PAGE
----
People with higher levels of cadmium in their urine—evidence of chronic exposure to the heavy metal found in industrial emissions and tobacco smoke—appear to be nearly 3.5 times more likely to die of liver disease than those with lower levels, according to a study by researchers at Johns Hopkins.
The findings do not show that cadmium directly causes liver disease, the scientists caution, but do suggest an association that needs more investigation.
Reviewing information from a large population-based survey, the Johns Hopkins investigators say the cadmium-liver disease link disproportionately affects men. The gender differences could occur because of the protective effects of menopause chemistry, which may redistribute stored cadmium from liver and kidneys, where it can do more damage, and into bones where it remains more stable.
Cadmium accumulates in the body over time because of the metal's long chemical half-life, according to the researchers, who reported their findings online in the Journal of Gastrointestinal Surgery.
"We already know about the health hazards of heavy metals like lead and mercury, but we don't know much about what cadmium does to the body," says study leader Omar Hyder, a postdoctoral fellow in the Department of Surgery at the Johns Hopkins University School of Medicine. "In mice, chronic cadmium exposure has been shown to cause liver failure, but we need to understand more about the factors that may cause liver disease in humans, and whether we can do anything to prevent it."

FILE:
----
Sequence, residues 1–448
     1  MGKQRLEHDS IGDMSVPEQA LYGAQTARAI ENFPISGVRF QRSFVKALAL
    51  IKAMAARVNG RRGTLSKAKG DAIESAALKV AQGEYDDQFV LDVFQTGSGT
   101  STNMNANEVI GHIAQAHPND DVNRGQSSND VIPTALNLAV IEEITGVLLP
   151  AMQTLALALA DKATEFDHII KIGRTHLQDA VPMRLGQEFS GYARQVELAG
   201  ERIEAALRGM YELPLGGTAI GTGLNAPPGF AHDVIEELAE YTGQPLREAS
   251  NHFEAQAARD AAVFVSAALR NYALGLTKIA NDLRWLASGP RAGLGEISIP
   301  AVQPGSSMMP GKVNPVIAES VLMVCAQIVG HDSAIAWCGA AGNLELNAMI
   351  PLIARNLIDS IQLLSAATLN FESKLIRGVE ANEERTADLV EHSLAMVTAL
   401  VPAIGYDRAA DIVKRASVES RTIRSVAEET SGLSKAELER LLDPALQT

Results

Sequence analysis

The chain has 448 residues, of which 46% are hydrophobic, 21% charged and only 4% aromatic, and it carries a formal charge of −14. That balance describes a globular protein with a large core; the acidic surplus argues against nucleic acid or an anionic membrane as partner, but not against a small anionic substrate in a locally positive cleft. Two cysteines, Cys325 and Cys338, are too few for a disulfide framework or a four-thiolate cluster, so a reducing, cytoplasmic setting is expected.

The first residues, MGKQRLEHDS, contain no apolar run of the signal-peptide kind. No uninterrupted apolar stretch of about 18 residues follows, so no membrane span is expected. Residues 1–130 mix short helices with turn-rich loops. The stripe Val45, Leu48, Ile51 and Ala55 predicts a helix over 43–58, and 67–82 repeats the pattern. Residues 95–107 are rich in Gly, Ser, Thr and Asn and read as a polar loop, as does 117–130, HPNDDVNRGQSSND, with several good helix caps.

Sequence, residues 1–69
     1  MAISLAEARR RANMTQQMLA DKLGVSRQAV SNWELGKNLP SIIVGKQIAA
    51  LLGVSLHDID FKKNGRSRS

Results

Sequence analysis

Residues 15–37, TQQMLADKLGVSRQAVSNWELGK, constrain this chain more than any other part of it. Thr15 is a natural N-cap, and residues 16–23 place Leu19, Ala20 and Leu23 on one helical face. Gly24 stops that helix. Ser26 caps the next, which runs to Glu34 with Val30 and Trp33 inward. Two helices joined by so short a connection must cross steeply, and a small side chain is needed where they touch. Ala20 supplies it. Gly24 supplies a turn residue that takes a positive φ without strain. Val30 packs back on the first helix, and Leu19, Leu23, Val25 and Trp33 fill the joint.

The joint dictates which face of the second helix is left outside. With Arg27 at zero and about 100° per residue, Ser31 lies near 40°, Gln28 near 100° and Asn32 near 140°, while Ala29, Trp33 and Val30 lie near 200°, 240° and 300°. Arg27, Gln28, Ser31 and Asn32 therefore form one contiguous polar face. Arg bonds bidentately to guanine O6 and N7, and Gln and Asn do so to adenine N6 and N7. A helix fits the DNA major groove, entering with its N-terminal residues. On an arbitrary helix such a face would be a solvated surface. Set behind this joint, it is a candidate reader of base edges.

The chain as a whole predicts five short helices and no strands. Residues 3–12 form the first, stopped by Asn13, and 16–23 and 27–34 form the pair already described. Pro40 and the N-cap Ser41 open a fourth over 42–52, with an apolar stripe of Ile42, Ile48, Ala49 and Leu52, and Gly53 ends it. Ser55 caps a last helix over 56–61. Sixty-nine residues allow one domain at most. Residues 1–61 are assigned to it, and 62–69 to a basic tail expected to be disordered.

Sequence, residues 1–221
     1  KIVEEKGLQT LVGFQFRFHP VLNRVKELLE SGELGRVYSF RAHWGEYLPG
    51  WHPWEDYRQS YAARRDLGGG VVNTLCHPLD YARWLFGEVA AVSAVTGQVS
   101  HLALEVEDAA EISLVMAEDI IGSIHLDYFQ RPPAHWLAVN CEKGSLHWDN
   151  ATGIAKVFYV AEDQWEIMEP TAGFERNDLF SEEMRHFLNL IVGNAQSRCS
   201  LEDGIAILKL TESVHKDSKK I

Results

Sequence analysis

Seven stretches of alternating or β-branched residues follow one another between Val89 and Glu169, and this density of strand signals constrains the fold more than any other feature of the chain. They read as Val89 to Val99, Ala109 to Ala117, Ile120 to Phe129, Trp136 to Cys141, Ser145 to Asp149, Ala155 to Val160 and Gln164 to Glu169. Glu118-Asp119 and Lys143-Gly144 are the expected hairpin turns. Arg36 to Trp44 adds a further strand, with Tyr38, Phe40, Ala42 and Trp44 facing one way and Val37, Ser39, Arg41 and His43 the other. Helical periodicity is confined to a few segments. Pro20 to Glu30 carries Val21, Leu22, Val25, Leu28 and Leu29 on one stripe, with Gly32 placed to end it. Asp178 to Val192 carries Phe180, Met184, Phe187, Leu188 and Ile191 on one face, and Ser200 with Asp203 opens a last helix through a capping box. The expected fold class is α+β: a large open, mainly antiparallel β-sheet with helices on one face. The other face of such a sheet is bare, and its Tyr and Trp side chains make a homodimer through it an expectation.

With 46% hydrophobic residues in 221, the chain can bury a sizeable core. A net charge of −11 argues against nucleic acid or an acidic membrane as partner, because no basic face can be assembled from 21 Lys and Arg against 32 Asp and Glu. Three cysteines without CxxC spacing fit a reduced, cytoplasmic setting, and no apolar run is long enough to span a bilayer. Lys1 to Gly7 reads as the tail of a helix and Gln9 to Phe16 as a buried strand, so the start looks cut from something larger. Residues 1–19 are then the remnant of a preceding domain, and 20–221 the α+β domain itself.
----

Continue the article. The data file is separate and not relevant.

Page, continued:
Cadmium is found widely in the environment, with tobacco smoke the most important, single source of exposure in the general population. Other environmental sources of human exposure include fossil fuel combustion and the incineration of municipal waste. For many years, most of the batteries in the United States were made with cadmium, and it is also found in pigments and plastics.
Hyder says long-term exposure is known to cause kidney disease and has been linked to lung cancer. Studies have shown an increase in all-cause mortality and cancer mortality in populations exposed to low levels of cadmium for long periods of time.
For their study, Hyder and his colleagues analyzed data from 12,732 participants in the National Health and Nutrition Examination Survey.Read more from Hopkins Medicine